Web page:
International donors financing the delivery of antiretroviral treatment in developing countries have recently emphasised their commitment to rigorous evaluation of antiretroviral treatment impact on population health. At the same time frame, but for different reasons, they have announced that they will shift funding from vertically structured (ie, disease-specific) interventions to horizontally structured interventions (ie, staff, systems and infrastructure that can deliver care for many diseases). The authors analyse likely effects of the latter shift on the feasibility of impact evaluation.Methods
The authors examine the effect of the shift in intervention strategy on (1) outcome measurement, (2) cost measurement, (3) study-design options and the (4) technical and (5) political feasibility of programme evaluation.Results
As intervention structure changes from vertical to horizontal, outcome and cost measurements are likely to become more difficult (because the number of relevant outcomes and costs increases and the sources holding data on these measures become more diverse); study-design options become more limited (because it is often impossible to identify a rigorously defined counterfactual in horizontal interventions); the technical feasibility of interventions is reduced (because lag times between intervention and impact increase in length and effect-mediating and -modifying factors increase in number) and political feasibility of evaluation is decreased (because national policymakers may be reluctant to support the evaluation).Conclusions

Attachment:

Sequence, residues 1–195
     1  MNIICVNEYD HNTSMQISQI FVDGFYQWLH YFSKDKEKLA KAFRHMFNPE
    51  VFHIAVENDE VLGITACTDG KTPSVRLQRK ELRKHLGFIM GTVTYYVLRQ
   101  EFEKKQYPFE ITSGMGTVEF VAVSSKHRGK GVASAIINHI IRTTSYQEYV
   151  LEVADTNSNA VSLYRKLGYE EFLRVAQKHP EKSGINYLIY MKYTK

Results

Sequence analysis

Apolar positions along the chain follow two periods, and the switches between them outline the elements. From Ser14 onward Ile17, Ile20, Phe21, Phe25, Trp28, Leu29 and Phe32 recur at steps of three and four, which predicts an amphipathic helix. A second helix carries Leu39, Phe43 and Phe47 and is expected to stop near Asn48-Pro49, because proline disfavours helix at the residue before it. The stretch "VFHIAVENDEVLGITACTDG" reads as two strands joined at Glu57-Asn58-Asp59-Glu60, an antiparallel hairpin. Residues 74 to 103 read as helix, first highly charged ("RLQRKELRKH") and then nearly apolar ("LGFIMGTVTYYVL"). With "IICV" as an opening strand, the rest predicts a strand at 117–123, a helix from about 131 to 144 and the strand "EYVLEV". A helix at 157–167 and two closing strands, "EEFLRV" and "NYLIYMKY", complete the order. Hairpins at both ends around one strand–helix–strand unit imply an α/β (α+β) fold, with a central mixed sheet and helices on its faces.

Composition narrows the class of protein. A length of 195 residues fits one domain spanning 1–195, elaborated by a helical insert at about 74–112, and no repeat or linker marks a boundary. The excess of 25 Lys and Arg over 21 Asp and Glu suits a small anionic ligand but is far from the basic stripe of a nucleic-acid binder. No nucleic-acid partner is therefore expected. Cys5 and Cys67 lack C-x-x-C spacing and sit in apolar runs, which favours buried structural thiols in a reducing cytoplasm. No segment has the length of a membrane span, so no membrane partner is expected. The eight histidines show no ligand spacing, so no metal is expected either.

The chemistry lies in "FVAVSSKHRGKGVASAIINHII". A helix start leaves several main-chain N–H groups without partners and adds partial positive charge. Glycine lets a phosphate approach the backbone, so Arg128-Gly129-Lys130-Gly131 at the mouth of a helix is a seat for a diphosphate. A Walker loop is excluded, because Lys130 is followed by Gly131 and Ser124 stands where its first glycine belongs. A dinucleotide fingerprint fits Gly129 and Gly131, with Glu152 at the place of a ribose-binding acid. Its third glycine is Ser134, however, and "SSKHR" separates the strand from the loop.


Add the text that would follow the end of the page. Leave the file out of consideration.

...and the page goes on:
In the choice of intervention strategy, policymakers need to consider the effect of intervention strategy on impact evaluation. Methodological studies are needed to identify the best approaches to evaluate the population health impact of horizontal interventions.